Climate News

Corporations now trying to charge people for choosing solar energy


Kansas holds just as much solar potential as Florida, also called the Sunshine State. Yet Kansas lags far behind, powering about 12,000 homes — less than two percent of the homes running on solar power in Florida. Local solar proponents point out that strong pushback from power companies in Kansas is to blame.

Evergy, the dominant electric utility in Kansas, has vastly expanded wind power in the state. However, it’s advocating for policies that involve collecting fees from customers with rooftop solar panels, possibly because these individuals no longer need to buy as much energy from the utility company as they previously did.

This situation isn’t unique to Kansas. Similar fights have played out in other states, such as Arizona, California and Massachusetts. It would appear that the emerging conflict between power companies and users with solar arrays stems from the former being threatened by the latter’s transition to clean energy.

Kansas utility company attempts to charge solar customers

In 2018, Evergy got permission from state regulators to charge users with rooftop solar arrays. However, it did not last long as the highest court in the state ruled that it was illegal. Evergy went back to regulators hoping to collect different fees from rooftop solar users: a grid access charge and a minimum monthly bill.

Regulators at the Kansas Corporation Commission (KCC) rejected both proposals and told the utility company to work with local solar proponents instead to come up with a favorable compromise. Unfortunately, it doesn’t look like the company will budge any time soon.

Kevin Good, owner and president of a small solar power company in Kansas, remarked that he got into solar at the worst point to do so in the last 50 years. Good runs Good Energy Solutions in Lawrence, a relatively small city of about 100,000 in the northeastern sector of the state.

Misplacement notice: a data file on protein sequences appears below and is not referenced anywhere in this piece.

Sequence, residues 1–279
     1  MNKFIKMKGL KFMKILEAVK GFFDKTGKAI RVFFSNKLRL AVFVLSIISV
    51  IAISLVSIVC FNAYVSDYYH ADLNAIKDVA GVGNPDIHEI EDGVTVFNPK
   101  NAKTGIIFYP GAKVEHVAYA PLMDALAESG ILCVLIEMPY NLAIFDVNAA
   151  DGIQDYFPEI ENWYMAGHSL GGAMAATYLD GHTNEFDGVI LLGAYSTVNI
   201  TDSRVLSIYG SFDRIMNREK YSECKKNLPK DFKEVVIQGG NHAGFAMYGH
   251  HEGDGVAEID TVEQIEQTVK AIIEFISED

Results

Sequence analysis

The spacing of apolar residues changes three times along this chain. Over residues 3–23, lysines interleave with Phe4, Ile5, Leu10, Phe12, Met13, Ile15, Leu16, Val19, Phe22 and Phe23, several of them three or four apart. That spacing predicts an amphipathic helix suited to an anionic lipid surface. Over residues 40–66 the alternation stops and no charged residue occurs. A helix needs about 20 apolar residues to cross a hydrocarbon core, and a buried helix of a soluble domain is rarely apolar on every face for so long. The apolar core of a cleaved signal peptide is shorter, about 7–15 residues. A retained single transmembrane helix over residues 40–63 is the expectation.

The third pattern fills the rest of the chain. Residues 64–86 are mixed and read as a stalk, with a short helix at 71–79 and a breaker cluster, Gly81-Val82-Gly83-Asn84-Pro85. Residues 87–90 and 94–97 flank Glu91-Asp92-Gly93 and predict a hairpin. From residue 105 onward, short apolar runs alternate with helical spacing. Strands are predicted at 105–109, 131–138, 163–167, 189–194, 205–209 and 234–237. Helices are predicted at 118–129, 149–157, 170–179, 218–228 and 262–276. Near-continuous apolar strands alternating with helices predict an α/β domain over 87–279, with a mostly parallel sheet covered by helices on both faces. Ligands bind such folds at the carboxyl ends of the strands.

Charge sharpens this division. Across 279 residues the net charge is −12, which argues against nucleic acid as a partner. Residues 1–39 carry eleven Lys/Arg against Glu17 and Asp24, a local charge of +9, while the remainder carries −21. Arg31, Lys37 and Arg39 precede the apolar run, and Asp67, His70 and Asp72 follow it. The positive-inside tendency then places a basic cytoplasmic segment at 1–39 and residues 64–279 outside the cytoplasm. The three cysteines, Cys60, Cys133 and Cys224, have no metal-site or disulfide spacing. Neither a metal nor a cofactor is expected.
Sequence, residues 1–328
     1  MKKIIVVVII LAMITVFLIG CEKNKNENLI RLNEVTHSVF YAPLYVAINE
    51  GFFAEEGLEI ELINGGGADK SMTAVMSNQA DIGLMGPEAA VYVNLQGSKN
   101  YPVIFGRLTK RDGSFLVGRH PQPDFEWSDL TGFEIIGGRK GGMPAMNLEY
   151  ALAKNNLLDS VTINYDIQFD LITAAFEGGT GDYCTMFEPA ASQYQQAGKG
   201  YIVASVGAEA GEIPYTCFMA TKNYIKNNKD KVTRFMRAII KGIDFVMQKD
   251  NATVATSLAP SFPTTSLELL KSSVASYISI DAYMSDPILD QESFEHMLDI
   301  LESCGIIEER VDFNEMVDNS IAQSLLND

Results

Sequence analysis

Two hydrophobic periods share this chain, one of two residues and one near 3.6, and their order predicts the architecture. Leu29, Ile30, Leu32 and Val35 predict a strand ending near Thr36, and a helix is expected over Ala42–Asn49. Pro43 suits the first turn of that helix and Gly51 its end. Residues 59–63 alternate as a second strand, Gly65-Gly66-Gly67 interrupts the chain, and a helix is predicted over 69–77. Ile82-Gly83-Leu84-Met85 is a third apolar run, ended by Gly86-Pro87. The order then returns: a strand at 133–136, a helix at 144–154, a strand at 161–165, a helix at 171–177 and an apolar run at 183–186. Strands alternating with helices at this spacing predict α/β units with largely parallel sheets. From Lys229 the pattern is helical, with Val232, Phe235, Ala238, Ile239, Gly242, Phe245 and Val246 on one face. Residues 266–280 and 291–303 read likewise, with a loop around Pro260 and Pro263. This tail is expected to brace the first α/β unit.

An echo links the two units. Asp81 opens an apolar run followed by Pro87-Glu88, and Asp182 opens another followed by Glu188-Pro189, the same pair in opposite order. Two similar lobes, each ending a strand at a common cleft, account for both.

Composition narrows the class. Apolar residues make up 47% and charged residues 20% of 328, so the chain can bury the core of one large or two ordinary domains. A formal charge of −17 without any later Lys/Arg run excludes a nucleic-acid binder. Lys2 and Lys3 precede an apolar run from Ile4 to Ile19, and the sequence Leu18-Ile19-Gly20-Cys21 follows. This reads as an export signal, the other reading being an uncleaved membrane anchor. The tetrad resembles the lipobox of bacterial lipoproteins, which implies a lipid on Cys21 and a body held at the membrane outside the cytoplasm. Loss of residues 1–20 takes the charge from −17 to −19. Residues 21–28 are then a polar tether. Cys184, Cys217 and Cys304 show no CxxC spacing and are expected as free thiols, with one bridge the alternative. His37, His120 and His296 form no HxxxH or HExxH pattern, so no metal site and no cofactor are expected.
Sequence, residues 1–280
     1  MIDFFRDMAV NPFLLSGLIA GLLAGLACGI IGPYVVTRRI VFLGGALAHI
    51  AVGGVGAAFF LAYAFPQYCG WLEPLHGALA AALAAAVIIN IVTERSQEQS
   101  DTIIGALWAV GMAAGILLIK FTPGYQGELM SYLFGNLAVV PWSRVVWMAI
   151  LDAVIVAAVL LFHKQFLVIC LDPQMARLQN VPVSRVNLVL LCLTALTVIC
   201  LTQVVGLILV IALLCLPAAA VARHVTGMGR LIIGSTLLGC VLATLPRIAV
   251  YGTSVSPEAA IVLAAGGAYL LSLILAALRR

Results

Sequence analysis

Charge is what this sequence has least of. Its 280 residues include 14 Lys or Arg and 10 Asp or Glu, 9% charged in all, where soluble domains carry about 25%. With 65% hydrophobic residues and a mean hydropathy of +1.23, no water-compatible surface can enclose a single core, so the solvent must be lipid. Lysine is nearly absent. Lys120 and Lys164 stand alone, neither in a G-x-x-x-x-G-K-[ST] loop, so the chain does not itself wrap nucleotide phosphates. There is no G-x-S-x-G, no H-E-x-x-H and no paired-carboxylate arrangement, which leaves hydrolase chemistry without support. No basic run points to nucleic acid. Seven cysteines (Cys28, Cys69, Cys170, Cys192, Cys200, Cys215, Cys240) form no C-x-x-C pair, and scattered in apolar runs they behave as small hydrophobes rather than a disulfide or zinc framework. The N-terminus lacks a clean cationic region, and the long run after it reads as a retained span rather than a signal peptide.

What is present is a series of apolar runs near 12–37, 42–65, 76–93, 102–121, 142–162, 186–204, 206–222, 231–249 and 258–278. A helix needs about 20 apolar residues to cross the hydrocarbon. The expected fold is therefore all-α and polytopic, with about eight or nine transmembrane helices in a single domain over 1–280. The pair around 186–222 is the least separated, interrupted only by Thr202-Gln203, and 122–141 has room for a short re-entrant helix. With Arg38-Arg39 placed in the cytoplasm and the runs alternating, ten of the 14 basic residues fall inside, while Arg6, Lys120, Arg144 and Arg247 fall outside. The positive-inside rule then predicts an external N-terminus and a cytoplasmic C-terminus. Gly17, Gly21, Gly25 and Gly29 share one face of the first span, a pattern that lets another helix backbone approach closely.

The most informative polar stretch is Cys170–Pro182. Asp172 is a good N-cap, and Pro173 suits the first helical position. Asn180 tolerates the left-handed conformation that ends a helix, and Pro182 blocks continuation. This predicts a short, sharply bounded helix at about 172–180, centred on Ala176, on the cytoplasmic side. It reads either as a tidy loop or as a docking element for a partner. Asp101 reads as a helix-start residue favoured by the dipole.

Early this year, KCC Chair Andrew French said Kansas wasn’t the only state facing a standoff surrounding solar, particularly about reworking net metering policies.

“This is not an issue unique to Kansas,” said French. Various states have implemented net metering.

Net metering is a billing mechanism that credits solar array owners for the electricity they add back to the grid. During the day, most rooftop solar users produce more electricity than they consume. Net metering allows them to put that excess electricity in the grid and reduce their future electric bills. In some cases, the electricity is used to serve nearby customers’ loads.

But other experts weren’t as ambivalent about power companies’ strong pushback on the usage of rooftop solar arrays. Rick Gillam, a program director with the national solar advocacy group Vote Solar, said Evergy is like many other utility companies that oppose customers’ efforts to reduce their usage of utility-supplied electricity. (Related: Power companies are waging a secret war against solar.)

“[Evergy’s] general animosity has created uncertainty for solar developers and customers alike,” said Gillam.

For years, utility companies have fought against net metering because it reduces their profits. If customers use their own solar arrays, they won’t need to pay for utility-supplied electricity. Worse, they get to save extra money on future electric bills by putting the extra electricity they generate back into the power grid.

The ability of customers to generate their own electricity also inadvertently threatens utility companies’ monopoly of power. Consequently, fears over losing customers and profits have caused companies like Evergy to turn to dubious billing strategies to recoup the money they lose from customers who no longer rely on the grid.

Dorothy Barnett, executive director of the Kansas-based nonprofit Climate + Energy Project, said corporations’ profit-driven motivations have stalled the state’s progress on the transition to clean energy for years.

“We could have worked together to find common ground and could have been so far ahead on solar,” remarked Barnett. “There were so many opportunities along the way that were missed because Kansas utilities were slow to recognize we are in a period of transition with our electric system.”

The transition of many customers to solar power might have also been partly influenced by their inability to pay utility bills amid the coronavirus pandemic. By saving money on electricity, they’re able to spend the money they would have used to pay electric bills on more important resources, such as food, water and gasoline.

Follow Power.news to learn more about how power companies are charging people for going green.

Sources include:

TheGuardian.com

NYTimes.com

SEIA.org

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